glial cells missing: a genetic switch that controls glial versus neuronal fate

Cell. 1995 Sep 22;82(6):1013-23. doi: 10.1016/0092-8674(95)90280-5.


The glial cells missing (gcm) gene in Drosophila encodes a novel nuclear protein that is transiently expressed early in the development of nearly all glia. In loss-of-function gcm mutant alleles, nearly all glia fail to differentiate, and, where we can follow them in the PNS, are transformed into neurons. In gain-if-function gcm conditions using transgenic constructs that drive ectopic gcm expression, many presumptive neurons are transformed into glia. Thus, gcm appears to function as a binary genetic switch for glia versus neurons. In the presence of gcm protein, presumptive neurons become glia, while in its absence, presumptive glia become neurons.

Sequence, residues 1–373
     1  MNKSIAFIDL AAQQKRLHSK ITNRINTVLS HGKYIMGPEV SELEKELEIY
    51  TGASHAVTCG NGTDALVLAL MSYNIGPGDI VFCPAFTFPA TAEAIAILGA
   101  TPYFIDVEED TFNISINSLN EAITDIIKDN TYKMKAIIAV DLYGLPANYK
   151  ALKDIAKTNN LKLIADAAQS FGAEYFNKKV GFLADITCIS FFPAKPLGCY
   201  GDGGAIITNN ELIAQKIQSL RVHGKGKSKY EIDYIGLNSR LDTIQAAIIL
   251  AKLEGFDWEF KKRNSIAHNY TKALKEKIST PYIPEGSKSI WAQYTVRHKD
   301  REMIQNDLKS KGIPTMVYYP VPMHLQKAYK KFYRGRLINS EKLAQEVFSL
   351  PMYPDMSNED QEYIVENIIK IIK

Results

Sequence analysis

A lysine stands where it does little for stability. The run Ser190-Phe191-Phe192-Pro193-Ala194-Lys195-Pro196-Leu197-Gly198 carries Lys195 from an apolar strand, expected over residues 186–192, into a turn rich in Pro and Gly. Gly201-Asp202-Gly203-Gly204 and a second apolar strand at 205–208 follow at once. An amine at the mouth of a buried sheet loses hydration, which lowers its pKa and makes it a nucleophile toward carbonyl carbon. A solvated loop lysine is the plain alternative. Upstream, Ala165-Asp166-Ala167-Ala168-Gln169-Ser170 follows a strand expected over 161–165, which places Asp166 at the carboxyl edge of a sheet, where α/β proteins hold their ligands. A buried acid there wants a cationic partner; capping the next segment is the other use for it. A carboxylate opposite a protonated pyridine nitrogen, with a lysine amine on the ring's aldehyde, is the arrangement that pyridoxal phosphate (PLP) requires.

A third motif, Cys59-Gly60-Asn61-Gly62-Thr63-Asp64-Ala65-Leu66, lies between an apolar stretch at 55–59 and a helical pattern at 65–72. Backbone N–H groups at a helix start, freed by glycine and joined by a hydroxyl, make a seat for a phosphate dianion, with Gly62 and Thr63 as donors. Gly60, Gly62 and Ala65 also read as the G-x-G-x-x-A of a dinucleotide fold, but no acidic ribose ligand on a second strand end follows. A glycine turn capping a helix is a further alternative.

Publication types

  • Research Support, Non-U.S. Gov't

MeSH terms

  • Amino Acid Sequence
  • Animals
  • Cell Differentiation / genetics
  • Central Nervous System / embryology
  • Central Nervous System / physiology
  • Cloning, Molecular
  • Drosophila / genetics*
  • Gene Expression Regulation, Developmental / physiology
  • Genes, Insect / physiology*
  • Molecular Sequence Data
  • Mutation / physiology
  • Neuroglia / cytology*
  • Neuroglia / physiology
  • Neurons / cytology*
  • Neurons / physiology
  • Nuclear Proteins / genetics
  • Peripheral Nervous System / embryology
  • Peripheral Nervous System / physiology


  • Nuclear Proteins

Associated data

  • GENBANK/U34039